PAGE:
More random python observations from a perl programmer

Bernhard Herzog herzog at online.de
Thu Aug 19 22:16:21 CEST 1999


Tom Christiansen <tchrist at mox.perl.com> writes:

>      [courtesy cc of this posting mailed to cited author]
> 
> In comp.lang.python, 
>     Thomas Wouters <thomas at xs4all.nl> writes:

> :> 	>>> for c in ("weird", "bits"):
> :> 	>>> for c in ("weird"):
> 
> :Wait, wait, you're doing two different things here. First off, you called
> :'for' with different types of arguments, the first time with a tuple of
> :strings, the second type with just a string. 
> 
> Oh, come now, you're telling me I'm expected to count the items
> in the parens to know whether a split will happen.  Whatever. 
> It's not obvious, so it's a real gotcha.  This is not consistent.
> 
> :But they are definately not the same :)
> 
> But they look the same, which is wicked.
> 
[snip]
> 
> :"Yes, the trailing comma counts" :)
> 
> Speaking of inconsistencies!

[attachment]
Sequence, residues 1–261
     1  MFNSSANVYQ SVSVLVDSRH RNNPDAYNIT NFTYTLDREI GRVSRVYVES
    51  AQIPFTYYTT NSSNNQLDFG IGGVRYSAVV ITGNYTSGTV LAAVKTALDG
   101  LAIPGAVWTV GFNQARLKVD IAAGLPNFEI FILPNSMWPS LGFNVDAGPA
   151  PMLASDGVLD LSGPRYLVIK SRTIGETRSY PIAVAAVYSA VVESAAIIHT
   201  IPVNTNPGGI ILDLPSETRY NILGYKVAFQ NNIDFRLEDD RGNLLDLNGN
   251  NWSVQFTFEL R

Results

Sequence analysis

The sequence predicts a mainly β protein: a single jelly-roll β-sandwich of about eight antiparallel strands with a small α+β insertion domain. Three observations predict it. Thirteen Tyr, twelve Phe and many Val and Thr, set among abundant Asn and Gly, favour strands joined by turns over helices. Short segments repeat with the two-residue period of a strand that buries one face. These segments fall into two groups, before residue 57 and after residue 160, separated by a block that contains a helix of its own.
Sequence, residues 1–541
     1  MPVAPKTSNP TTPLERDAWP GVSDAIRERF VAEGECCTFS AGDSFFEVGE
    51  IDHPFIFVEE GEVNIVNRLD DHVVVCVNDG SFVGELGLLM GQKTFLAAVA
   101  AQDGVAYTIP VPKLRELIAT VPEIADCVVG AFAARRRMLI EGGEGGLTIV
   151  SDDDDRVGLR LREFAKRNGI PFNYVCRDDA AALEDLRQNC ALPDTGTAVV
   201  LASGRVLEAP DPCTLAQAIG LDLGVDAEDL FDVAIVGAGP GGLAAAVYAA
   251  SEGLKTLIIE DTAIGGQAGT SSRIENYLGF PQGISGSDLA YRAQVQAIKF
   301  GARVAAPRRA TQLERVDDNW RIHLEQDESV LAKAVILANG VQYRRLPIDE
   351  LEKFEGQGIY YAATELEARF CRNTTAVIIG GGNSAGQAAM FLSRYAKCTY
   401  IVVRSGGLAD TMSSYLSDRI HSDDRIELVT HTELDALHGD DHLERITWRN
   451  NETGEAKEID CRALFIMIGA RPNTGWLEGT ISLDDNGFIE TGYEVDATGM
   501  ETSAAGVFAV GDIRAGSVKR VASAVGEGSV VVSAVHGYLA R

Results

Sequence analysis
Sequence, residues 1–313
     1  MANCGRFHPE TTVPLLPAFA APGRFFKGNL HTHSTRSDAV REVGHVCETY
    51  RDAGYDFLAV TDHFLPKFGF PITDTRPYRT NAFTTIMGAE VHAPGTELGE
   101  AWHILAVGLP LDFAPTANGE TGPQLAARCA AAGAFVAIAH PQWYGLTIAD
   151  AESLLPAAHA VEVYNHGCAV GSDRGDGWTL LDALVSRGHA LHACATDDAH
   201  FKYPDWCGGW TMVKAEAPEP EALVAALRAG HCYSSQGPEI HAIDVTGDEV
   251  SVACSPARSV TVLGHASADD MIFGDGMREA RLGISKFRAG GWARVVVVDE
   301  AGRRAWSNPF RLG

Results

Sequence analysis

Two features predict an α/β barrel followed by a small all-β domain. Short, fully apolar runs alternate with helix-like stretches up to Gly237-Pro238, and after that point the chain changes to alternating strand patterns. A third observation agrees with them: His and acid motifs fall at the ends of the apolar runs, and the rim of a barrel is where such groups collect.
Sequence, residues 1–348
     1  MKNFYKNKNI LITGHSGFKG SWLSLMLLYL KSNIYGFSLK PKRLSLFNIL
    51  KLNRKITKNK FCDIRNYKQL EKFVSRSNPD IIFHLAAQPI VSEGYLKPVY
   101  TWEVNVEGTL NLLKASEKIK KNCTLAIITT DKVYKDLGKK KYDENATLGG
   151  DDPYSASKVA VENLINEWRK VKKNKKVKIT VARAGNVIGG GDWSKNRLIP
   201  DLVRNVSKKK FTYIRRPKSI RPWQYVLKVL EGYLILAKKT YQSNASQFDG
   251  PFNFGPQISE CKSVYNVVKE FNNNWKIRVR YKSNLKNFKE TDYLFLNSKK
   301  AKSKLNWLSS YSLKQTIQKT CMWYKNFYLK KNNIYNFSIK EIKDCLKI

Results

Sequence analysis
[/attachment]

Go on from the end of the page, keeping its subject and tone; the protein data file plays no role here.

The thing to note about tuples is that in a way it's not the parens that
make a tuple, it's the comma:

>>> t = 1, 2
>>> t
(1, 2)

The inconsistency is that () is an empty tuple, not that (1,) is a
one-element tuple. The parens are often needed because commas are also
used in list and dictionary literals and function calls and definitions,
among other places.

This is also why you can't slice dictionaries (if I understood what you
meant by slicing dicts in perl correctly). d[1,2] is equivalent to
d[(1,2)], i.e. it refers to the item with (1,2) as the key:

>>> d = {}
>>> d[1,2] = 'xyzzy'
>>> d
{(1, 2): 'xyzzy'}


-- 
Bernhard Herzog	  | Sketch, a drawing program for Unix
herzog at online.de  | http://www.online.de/home/sketch/




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